By Juan Barquin
By Ciara LaVelle
By George Martinez
By Kat Bein
By Ciara LaVelle
By Travis Cohen
By Carlos Suarez De Jesus
By Monica McGivern
The Hour of the Tiger is a sweet-hearted, well-intended, and thoroughly awful play by Miamian Sandra Riley. It deals with homosexuality, Japanese gender roles, American guilt, American innocence, geisha culture, dance, and friendship, among other things.
One might divine just how lost Riley became while negotiating those tricky subjects by counting the number of cogent thoughts her characters express about them. That number is zero. For example: When American lesbo Alexa (Kim Ehly) decides, apropos of nothing, to discuss the American imperial impulse, she begins by explaining how the United States reacted to its victory in World War II. "We got stuck!" she says. "Trapped in an archetype of our own creation — a mushroom cloud! We're always at war with something. Nazism! Communism! What's next? Who's next?" Other characters express similar thoughts soon after, and a queer Japanese fellow named Hiroshi (Eric Miji) blames his American lover for the bombings of Hiroshima and Nagasaki. Though his lover protests, we are clearly supposed to feel at least a twinge of guilt.
That's the sum of The Hour of the Tiger's engagement with warfare: America is bad, and "beautiful and ancient Japanese culture" (as the characters call it, over and over again) is good, Nanking and 10,000,000 dead Chinese notwithstanding. Contemplate the sloppy language and sloppier politics in the quote above — the misuse of the word archetype, the shocking failure to grok that totalitarianisms are generally worth fighting, and the obvious point that "we" barely fought Communism (though about 2 million Cambodians probably wish "we" had) — and you begin to get a feel for the kind of boneless, new-age sensibility that infects every level of this show, from its lumpen acting to its arrhythmic pacing, and its careless dialogue to its shaky premise.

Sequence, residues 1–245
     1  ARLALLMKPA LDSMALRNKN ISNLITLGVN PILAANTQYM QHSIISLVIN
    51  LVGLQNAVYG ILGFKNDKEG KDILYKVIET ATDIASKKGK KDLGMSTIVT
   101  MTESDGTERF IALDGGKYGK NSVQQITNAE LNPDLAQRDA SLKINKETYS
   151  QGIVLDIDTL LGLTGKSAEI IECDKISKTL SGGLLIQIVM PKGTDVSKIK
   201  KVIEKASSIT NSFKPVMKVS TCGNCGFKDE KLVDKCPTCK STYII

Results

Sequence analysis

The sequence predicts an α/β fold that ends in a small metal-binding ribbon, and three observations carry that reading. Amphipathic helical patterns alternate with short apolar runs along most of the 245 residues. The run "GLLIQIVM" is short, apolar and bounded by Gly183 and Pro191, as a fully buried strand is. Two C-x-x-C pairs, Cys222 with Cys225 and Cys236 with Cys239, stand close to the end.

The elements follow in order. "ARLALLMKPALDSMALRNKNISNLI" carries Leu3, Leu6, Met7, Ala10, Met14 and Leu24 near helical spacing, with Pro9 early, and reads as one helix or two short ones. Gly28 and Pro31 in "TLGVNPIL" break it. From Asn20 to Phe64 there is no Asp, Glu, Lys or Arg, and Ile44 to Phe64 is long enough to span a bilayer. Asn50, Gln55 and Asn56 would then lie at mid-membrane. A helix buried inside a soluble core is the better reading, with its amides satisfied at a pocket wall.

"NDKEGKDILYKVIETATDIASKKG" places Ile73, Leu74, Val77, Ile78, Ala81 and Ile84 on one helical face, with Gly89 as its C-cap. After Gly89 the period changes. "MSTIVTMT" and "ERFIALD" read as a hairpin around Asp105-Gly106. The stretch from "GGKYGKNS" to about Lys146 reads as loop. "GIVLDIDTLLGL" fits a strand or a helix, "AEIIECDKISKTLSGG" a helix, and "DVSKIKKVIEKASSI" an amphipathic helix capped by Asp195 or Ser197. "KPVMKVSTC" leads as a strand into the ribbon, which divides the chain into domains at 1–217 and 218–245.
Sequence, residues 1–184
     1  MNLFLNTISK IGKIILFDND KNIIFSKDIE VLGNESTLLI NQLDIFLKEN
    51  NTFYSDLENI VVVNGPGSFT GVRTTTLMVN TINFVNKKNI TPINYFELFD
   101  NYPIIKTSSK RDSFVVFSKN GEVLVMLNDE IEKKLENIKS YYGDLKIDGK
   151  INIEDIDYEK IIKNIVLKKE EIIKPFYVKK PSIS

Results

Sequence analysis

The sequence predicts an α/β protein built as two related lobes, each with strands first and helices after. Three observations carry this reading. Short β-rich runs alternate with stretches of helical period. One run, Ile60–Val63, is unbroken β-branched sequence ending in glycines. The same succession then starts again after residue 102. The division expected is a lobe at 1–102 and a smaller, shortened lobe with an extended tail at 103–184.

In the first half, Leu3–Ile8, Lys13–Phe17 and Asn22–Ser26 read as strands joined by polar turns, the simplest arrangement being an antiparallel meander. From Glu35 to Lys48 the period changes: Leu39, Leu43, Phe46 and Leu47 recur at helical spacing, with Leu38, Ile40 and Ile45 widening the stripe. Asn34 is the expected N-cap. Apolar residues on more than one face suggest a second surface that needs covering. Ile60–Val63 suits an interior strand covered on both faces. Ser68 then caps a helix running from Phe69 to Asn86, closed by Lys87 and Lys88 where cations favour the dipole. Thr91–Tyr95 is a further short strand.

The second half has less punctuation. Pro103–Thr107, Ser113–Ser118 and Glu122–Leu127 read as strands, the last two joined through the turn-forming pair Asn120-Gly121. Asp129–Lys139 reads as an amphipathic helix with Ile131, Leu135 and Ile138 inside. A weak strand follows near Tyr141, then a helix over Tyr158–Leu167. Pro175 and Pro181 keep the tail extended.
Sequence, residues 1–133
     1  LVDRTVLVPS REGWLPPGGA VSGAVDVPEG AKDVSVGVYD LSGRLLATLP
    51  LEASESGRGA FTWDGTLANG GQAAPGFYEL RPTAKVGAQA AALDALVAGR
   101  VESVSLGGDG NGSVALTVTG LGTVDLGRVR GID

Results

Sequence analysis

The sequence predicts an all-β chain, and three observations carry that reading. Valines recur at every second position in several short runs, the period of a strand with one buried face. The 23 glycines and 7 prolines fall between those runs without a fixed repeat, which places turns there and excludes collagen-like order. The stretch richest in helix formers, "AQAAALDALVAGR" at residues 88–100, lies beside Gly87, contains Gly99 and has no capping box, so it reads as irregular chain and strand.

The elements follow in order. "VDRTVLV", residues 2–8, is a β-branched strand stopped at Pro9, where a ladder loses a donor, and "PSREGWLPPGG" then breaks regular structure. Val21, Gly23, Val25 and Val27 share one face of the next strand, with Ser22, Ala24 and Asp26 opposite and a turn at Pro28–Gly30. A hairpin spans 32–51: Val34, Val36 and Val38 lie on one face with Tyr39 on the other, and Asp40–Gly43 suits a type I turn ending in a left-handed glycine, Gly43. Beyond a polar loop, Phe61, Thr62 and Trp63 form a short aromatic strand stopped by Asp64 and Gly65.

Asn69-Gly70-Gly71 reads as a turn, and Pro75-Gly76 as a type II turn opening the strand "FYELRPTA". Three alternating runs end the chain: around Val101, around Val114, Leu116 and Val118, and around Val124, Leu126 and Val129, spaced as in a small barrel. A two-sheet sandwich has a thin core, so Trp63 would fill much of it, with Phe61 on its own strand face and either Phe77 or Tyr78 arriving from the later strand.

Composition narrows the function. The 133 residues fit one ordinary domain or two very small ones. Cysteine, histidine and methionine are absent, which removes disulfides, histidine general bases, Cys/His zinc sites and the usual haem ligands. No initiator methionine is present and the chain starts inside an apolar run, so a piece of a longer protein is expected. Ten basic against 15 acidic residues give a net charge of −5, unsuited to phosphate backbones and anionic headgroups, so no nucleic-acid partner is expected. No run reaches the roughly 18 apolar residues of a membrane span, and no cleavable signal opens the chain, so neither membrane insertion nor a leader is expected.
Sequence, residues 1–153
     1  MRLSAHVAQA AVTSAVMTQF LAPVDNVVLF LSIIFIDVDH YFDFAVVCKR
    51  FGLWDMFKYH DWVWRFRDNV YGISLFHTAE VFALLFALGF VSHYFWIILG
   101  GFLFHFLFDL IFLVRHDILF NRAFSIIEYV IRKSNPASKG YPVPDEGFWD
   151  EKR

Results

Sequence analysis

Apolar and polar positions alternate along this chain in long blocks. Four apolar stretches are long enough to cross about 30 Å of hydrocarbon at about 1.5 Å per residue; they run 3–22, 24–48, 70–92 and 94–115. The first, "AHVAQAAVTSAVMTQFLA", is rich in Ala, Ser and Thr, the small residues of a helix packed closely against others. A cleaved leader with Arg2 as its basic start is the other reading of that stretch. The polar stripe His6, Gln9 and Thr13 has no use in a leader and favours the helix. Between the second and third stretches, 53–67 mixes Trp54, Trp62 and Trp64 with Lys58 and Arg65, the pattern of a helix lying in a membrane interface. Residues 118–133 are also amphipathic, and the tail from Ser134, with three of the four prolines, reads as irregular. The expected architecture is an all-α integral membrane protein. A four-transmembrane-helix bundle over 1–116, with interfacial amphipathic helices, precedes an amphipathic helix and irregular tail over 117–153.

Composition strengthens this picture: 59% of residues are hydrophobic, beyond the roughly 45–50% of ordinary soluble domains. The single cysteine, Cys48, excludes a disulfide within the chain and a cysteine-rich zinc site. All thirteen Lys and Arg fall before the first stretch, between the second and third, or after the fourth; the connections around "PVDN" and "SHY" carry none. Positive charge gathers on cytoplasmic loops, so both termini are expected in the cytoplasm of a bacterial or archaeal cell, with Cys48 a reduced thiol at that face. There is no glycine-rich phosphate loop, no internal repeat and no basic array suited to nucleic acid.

That premise is something like this: In 1973, David (Christopher Vicchiollo) — a rich, gay member of the American intelligentsia — is in Tokyo. The aforementioned Alexa, a writer, is his friend. She is utterly taken by a beautiful geisha named Sanagi (Gwendolyn Lai). David, in turn, is very taken with the aforementioned Hiroshi, who also happens to be Sanagi's jealous pimp. Both couples couple, and conflict ensues.
The most intriguing conflict, however, is not the one taking place onstage, but the one behind it — the conflict between Sandra Riley and reality. The Hour of the Tiger is purported to be a kind of love letter from Riley to the Japan she visited in the early '70s. Unfortunately, she is unaware of several basic facts about geisha life. Geishas, especially in Tokyo, are not prostitutes and have not served as them since the end of the Edo Era during the Meiji Restoration. (The play makes reference to Sanagi's ritual deflowering by a client, or "mizuage," even though a 20th-century mizuage consisted of little more than a haircut.) Moreover, geishas spring out of a matriarchal social milieu that would not take kindly to a man, no matter how dapper or charming (and Hiroshi is neither), taking a proprietary interest in one of their own. Riley makes no effort to explain why her geisha deviates so drastically from the norm, and her lapse in that regard will lead to a puzzled scratching of heads among audiences with knowledge of Japanese culture.
Further head scratching might be induced by The Hour of the Tiger's weird approach to pacing and characterization. It has none. Scenes take place minutes, hours, or months apart, and seldom do we receive any indication of which it was. Exposition, the skillful deployment of which could help give a sense of time, is provided only haphazardly and fails to clearly delineate the relationships between the characters. Hiroshi especially is difficult to get a handle on. In some scenes, he is David's doting lover, bringing him presents and mincing cutely around his apartment. Moments later, he is Sanagi's terrifying and violent master. Both David and Alexa know about Sanagi's twisted relationship with Hiroshi and disapprove of it, yet there they are, making nice with them at a bar. Then, seconds later, Alexa confronts him in a rage, wielding a Samurai sword, and Sanagi threatens to stab him to death. So, is Hiroshi a villainous, vicious pimp or a misunderstood gentleman with lady issues? This is never really clear, and it's doubful the confusion is intentional.
The character of David is similarly fuzzy. Witness how he begins as a brilliant old queen in the Franco Zeffirelli mode — filling out the New York Times crossword in ink, dishing about singers Renata Tebaldi and Franco Corelli, and throwing shade like mad — and then very quickly begins lobbing anachronistic new-age inanities about "the universe." "We take from the universe what feels right to us," goes a typical bromide as he discusses the role of fate in bringing Alexa to Japan. He uses words more appropriate for an early-'00s acolyte of The Secret author Rhonda Byrne than an early-'70s aesthete. This, like the play's silly mangling of the geisha concept, is profoundly displacing, a categorical mashup that leaves the play and all who see it suspended in an uneasy place, outside of ordinary time and space.